TUED asks that we stand together for Berta and all those facing violence and repression in the fight for basic rights and a safe and healthy environment.

Berta Cáceres, Presente!

Backing Corbyn, UK Unions Call for Energy to be Returned to Public Ownership and Democratic Control

By staff - Trade Unions for Energy Democracy, September 12, 2017

5.7-Million-Member TUC Supports Labour Party’s Manifesto Commitments on Climate Change and Energy Transition

When addressing climate change, “public ownership of energy under democratic control is crucial” – Iain Dalton, USDAW

September 12, 2017, Brighton, U.K.

The annual congress of the UK Trades Union Congress (TUC) has passed a historic composite resolution on climate change that supports the energy sector being returned to public ownership and democratic control.

The resolution—carried unanimously—calls upon the 5.7-million-member national federation to work with the Labour Party to achieve this goal, as well as to: implement a mass program for energy conservation and efficiency; lobby for the establishment of a “just transition” strategy for affected workers; and, investigate the long-term risks to pension funds from investments in fossil fuels.

The Labour Party’s 2017 election manifesto, For the Many, Not the Few, pointed to the failures of electricity privatization, energy poverty, the need the honor the UK’s climate commitments, and to put the UK on course for 60% of its energy to be met by zero carbon or renewable sources by 2030.

The Manifesto also committed to “take energy back into public ownership to deliver renewable energy, affordability for consumers, and democratic control.” It calls for the creation of “publicly owned, locally accountable energy companies and co-operatives to rival existing private energy suppliers.”

Moved by Sarah Woolley, Organising Regional Secretary for the Bakers, Food and Allied Workers Union (BFAWU), the resolution refers to the “irrefutable evidence that dangerous climate change is driving unprecedented changes to our environment,” as well as the risks to meeting the climate challenge posed by Trump’s announced withdrawal from the Paris Agreement, and by the chaotic approach to both Brexit and broader policy by the current Conservative government.

Report on TUED Strategy Meeting at COP23

By staff - Trade Unions for Energy Democracy, November 28, 2017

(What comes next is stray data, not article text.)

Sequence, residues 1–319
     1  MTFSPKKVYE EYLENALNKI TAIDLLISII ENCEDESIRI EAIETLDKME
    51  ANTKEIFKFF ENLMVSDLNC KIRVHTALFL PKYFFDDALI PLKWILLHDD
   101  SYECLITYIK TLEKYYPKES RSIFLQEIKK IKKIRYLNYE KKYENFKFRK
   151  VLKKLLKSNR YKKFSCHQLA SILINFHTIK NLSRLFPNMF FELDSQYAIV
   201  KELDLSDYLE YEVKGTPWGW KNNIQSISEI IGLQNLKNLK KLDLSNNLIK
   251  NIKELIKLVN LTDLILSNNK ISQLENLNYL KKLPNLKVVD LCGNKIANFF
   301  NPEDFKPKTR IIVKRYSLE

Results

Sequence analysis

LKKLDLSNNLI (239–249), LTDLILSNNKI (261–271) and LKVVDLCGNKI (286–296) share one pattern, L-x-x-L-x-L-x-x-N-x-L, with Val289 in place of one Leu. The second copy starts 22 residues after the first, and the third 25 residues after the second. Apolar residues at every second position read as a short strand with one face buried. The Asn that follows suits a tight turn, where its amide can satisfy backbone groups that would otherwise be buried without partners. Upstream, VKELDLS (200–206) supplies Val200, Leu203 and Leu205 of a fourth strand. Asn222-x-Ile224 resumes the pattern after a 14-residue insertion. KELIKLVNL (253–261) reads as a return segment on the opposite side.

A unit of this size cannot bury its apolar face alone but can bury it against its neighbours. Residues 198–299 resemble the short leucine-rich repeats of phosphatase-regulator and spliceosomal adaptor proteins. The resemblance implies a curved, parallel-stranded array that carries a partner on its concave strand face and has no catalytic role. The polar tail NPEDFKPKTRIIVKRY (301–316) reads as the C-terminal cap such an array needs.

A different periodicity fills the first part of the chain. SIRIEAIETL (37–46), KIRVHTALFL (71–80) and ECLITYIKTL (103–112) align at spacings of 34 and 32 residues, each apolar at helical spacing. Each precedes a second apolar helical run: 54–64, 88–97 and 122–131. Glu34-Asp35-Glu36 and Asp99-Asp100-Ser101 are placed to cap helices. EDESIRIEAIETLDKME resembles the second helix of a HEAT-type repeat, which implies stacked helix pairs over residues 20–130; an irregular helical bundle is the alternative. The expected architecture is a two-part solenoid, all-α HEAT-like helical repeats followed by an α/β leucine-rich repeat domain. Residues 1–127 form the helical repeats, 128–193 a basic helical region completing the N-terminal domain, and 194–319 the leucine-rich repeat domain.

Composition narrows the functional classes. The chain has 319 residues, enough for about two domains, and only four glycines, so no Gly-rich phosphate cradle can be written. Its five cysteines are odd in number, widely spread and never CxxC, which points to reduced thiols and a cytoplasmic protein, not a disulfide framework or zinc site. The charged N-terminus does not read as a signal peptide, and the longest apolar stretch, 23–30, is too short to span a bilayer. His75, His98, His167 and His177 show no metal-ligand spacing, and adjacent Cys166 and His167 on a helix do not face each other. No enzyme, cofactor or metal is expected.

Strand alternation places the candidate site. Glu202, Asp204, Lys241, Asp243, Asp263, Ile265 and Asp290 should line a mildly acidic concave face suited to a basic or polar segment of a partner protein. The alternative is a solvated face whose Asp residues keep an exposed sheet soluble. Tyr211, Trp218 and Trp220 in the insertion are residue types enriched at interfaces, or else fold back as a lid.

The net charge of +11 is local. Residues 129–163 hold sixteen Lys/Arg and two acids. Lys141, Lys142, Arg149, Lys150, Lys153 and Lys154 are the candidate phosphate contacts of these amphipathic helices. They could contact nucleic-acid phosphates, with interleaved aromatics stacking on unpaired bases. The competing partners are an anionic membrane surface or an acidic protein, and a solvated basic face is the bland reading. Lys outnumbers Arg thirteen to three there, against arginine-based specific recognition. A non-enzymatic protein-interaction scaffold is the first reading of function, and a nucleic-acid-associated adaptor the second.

On November 10th, during COP23, Trade Unions for Energy Democracy (TUED) convened a “Strategy Roundtable” in Bonn, Germany. The meeting was attended by more than 40 representatives of roughly 25 unions from 14 countries as well as several allies from the environmental movement, media and research bodies.

Union participants came from Argentina, Australia, Belgium, Brazil, Canada, Dominican Republic, Germany, Italy, Netherlands, Norway, Philippines, UK and USA. The meeting was organized with support from the New York office of Rosa Luxemburg Stiftung (RLS–New York). Participants were welcomed by Stefanie Ehmsen of RLS-NYC, and TUED Coordinator Sean Sweeney of the Joseph S. Murphy Institute, City University of New York.

The meeting provided a rare opportunity for unions that are not yet part of the network to be exposed to TUED’s analysis and to participate in a lively debate about the struggle for the future of global energy systems. Copies of TUED’s most recent working paper, “Preparing a Public Pathway: Confronting the Investment Crisis in Renewable Energy,” were circulated.

Setting the context for the meeting, Sweeney provided a brief overview of the 5-year history of the 60-union network, and the political origins of the “Resist, Reclaim, Restructure” framework. There was broad consensus among participants that the current, market-driven approach, focused on “mobilizing the private sector,” is failing to produce a just energy transition and that, given the Paris targets, there is an urgent need to pursue public alternatives that advance social ownership and democratic control of the power sector and the broader energy economy, including energy options, management, and research and development.